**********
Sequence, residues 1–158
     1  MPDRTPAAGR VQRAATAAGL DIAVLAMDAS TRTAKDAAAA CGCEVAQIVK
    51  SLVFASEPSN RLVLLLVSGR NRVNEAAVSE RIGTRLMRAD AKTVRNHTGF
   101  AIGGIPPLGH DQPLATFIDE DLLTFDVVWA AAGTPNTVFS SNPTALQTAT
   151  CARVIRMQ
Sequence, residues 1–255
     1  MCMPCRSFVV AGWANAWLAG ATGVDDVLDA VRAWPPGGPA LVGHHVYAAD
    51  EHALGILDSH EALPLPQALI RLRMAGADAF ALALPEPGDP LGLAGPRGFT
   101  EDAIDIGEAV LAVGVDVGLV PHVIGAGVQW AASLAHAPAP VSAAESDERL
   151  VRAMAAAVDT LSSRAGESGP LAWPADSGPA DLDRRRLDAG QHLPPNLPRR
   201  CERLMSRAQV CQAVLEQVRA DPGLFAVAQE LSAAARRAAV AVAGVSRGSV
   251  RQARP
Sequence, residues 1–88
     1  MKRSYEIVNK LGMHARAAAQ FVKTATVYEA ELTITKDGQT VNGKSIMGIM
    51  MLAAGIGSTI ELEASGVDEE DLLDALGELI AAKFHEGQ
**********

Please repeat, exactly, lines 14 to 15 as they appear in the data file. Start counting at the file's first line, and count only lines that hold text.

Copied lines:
     1  MKRSYEIVNK LGMHARAAAQ FVKTATVYEA ELTITKDGQT VNGKSIMGIM
    51  MLAAGIGSTI ELEASGVDEE DLLDALGELI AAKFHEGQ